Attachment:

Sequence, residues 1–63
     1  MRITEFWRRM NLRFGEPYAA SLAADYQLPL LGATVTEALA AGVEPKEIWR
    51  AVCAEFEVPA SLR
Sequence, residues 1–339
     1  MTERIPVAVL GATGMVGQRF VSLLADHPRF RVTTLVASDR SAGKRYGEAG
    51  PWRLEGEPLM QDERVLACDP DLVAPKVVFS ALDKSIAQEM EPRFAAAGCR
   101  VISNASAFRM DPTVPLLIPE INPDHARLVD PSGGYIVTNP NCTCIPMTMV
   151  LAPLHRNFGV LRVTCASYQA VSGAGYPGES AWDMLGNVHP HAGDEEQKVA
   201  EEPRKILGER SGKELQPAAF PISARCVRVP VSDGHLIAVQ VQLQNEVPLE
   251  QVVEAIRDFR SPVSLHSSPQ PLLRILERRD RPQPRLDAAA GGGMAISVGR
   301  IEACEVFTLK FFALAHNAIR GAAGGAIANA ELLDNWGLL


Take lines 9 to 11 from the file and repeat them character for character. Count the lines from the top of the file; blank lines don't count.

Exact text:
   201  EEPRKILGER SGKELQPAAF PISARCVRVP VSDGHLIAVQ VQLQNEVPLE
   251  QVVEAIRDFR SPVSLHSSPQ PLLRILERRD RPQPRLDAAA GGGMAISVGR
   301  IEACEVFTLK FFALAHNAIR GAAGGAIANA ELLDNWGLL